Every business has its ups and downs. Successful companies are always those who make the right decisions at the right time. It needs visions, personalities, and a philosophy which form the golden thread, the DNA of a company culture.
We cannot say that the company was catapulted to the most valuable brand in the world (Forbes 2013).
More than 40 years of hard work and focusing on customer satisfaction made Apple to one of the mega brands of our times.
See what happened in 4 decades. I summarized the key events in a mind map.
Feel free to download this map from my Box account.
The alternative file formats have been created with iThoughts (.ITMZ file format). Compatibility to other tools is limited. Best practice for reading is to download the DOCX file format which includes outlined textual information and the image.
|Apple iWork/Microsoft Office||DOCX|
The main events/decisions …
Essential points of Apple’s strategy are
- 1 Combining the development of hard- and software
- 2 Initiating disruptive and sustaining innovation in the market of mobile devices
- 3 Releasing finished products
- 4 Building an ecosystem (All-In-One) with hard- and software, services and stores
- 5 Focusing on customer satisfaction
- 6 Paying respect to employees and competitors
- 7 Innovative approaches to keep the environment green
Reputable analysts pointed that out as you can see here.
How Apple works
In a fascinating interview with Calcalist radio, the largest economic newspaper in Israel, Horace Dediu gives us a scintillating insight into how Apple works. Horace Dediu is a well-respected analyst who knows a thing or two about Apple.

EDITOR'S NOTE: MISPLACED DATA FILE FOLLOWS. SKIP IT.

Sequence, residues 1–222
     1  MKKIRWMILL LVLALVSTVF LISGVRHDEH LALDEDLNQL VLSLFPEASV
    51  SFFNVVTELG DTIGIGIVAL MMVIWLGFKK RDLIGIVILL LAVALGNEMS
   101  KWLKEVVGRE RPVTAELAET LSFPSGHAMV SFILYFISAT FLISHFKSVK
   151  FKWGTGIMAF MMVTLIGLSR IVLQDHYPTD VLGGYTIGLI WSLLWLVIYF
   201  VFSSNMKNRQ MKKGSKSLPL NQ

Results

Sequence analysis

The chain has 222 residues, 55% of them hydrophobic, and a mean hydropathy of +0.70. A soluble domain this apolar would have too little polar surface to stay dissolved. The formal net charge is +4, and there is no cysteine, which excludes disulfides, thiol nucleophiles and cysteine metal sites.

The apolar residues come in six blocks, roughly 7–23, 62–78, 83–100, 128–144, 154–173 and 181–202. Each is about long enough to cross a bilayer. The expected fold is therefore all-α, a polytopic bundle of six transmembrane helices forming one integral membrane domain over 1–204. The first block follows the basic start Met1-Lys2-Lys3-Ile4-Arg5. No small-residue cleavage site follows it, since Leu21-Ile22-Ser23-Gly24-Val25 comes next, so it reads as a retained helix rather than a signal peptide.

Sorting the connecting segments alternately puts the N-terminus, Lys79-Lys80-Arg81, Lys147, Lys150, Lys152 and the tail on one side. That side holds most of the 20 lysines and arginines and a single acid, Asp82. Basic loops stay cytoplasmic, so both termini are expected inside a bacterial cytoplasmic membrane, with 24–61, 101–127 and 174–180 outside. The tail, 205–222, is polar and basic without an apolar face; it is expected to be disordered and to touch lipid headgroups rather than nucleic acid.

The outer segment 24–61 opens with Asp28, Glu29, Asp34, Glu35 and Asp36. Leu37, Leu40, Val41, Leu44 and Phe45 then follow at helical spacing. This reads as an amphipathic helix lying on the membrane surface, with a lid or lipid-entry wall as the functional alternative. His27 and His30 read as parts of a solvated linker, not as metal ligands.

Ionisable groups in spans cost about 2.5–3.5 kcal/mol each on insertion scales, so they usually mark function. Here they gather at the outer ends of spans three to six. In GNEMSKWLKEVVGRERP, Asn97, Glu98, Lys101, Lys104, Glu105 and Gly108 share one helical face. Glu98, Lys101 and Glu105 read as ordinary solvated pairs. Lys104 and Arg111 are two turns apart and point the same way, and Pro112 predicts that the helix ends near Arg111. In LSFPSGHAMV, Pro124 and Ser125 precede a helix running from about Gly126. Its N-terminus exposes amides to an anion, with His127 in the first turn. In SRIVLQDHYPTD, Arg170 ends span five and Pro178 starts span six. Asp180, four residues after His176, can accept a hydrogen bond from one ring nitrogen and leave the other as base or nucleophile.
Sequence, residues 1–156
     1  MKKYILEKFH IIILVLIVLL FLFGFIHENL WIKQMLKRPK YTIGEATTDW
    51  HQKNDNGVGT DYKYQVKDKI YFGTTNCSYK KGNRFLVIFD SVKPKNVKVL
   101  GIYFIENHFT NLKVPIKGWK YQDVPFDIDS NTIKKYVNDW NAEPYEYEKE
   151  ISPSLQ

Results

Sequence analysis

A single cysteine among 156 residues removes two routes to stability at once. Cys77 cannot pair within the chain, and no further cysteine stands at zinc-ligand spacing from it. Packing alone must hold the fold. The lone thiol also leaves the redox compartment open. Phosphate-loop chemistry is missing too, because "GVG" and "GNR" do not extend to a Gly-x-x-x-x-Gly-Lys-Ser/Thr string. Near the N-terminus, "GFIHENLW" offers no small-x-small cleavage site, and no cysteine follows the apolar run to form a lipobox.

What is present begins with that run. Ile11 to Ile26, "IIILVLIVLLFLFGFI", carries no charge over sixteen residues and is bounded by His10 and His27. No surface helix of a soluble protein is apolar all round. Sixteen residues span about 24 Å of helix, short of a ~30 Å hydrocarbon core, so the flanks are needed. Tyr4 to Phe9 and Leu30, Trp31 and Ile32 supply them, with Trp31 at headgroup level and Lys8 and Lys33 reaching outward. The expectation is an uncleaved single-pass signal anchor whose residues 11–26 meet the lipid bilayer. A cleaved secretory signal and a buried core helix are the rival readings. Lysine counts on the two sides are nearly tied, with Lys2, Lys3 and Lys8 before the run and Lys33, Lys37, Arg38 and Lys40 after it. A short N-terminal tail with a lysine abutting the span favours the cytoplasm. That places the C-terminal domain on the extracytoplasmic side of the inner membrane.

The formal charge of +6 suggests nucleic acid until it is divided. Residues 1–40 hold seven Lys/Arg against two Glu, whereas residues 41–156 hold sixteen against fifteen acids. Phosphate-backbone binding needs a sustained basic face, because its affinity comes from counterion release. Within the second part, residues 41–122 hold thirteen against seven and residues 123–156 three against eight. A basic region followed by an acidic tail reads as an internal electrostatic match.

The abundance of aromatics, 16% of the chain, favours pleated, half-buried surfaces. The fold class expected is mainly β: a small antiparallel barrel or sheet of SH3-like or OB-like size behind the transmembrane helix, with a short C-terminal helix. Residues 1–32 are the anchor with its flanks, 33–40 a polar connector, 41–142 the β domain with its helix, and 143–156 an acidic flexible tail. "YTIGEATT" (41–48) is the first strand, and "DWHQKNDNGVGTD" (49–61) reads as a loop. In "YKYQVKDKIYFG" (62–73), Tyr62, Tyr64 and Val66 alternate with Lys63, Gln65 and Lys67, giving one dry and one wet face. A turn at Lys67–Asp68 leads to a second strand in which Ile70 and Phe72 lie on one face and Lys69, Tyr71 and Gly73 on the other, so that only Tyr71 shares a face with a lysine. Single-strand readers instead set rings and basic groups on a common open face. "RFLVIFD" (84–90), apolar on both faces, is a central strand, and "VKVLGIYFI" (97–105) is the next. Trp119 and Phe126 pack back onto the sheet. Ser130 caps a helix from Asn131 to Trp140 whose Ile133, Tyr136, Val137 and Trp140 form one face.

“I studied their DNA,” Dediu explains. “But Apple cannot possibly be perceived as normal or average, but is analyzed as such. This is a company that breaks all categories, as based on the growth front and on the value or dynamic versus static. It just works differently. ”
Dediu posits that Apple uses the same strategy as an army. ”You have to look at Apple as adopted by the pattern of military activity,” said Dediu. ”The army has no obligation to produce profits, but it has a deep commitment to achieving goals. Everyone focused and training for a specific task, and then another mission.”
Finally, Horace Dediu believes this status quo will not change under Tim Cook.
Dediu said: ”I think Apple’s culture is very stable. Generally, most of the large companies have a tough fight when they want to change the organizational culture, Steve Ballmer at Microsoft across this barrier. Tim Cook may have made changes within the company, but this is not clear from the outside. Steve Jobs built something bigger than himself. You can see it also in another company he founded, Pixar. People usually do not associate it with Apple, but they are very similar. Both companies are completely committed to the product, focusing obsessively on the details giving rise to beautiful product.”
Ken Segall, author of the bestselling book – Insanely Simple: The Obsession That Drives Apple’s Success, suggests that Apple and Samsung have differing philosophies when it comes to innovation.
“Innovation comes in many flavors,” Ken Segall said. “Sometimes it’s about creating revolutions, other times it’s about adding features. Sometimes it’s about creating things that people fall in love with, other times it’s simply about creating things.”
According to Segall, Samsung’s approach to innovation is more about adding features and in most cases, at the expense of customers’ satisfaction:
Less than six months after launching the Galaxy Gear watch, Samsung replaced that device in February 2014 with two models, the Gear 2 and the Gear 2 Neo. These aren’t just upgrades — they’re new watches, running a completely different OS. Android has been replaced by Samsung’s home-grown Tizen OS.